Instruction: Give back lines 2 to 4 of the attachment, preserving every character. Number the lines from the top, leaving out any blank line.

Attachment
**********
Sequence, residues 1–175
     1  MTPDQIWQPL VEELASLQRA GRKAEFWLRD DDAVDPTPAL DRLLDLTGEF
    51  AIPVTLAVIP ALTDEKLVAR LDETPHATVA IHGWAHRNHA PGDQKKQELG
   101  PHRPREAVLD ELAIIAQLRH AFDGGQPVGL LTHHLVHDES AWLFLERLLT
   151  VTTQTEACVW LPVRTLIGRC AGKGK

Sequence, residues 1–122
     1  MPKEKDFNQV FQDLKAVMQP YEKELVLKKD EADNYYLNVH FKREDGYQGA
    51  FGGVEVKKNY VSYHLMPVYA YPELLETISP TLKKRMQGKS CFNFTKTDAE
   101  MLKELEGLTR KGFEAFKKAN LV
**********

     1  MTPDQIWQPL VEELASLQRA GRKAEFWLRD DDAVDPTPAL DRLLDLTGEF
    51  AIPVTLAVIP ALTDEKLVAR LDETPHATVA IHGWAHRNHA PGDQKKQELG
   101  PHRPREAVLD ELAIIAQLRH AFDGGQPVGL LTHHLVHDES AWLFLERLLT